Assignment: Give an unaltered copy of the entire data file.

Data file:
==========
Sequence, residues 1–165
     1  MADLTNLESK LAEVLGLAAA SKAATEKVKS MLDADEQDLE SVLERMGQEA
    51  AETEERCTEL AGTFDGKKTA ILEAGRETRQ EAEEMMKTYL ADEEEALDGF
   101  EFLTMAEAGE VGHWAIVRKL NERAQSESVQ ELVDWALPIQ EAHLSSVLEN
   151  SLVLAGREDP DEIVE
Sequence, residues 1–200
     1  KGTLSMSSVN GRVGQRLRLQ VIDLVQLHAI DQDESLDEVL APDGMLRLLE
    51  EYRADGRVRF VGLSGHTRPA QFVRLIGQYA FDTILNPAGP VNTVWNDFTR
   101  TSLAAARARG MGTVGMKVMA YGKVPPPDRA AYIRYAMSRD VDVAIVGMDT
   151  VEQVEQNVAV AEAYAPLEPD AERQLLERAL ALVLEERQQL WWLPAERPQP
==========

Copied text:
Sequence, residues 1–165
     1  MADLTNLESK LAEVLGLAAA SKAATEKVKS MLDADEQDLE SVLERMGQEA
    51  AETEERCTEL AGTFDGKKTA ILEAGRETRQ EAEEMMKTYL ADEEEALDGF
   101  EFLTMAEAGE VGHWAIVRKL NERAQSESVQ ELVDWALPIQ EAHLSSVLEN
   151  SLVLAGREDP DEIVE
Sequence, residues 1–200
     1  KGTLSMSSVN GRVGQRLRLQ VIDLVQLHAI DQDESLDEVL APDGMLRLLE
    51  EYRADGRVRF VGLSGHTRPA QFVRLIGQYA FDTILNPAGP VNTVWNDFTR
   101  TSLAAARARG MGTVGMKVMA YGKVPPPDRA AYIRYAMSRD VDVAIVGMDT
   151  VEQVEQNVAV AEAYAPLEPD AERQLLERAL ALVLEERQQL WWLPAERPQP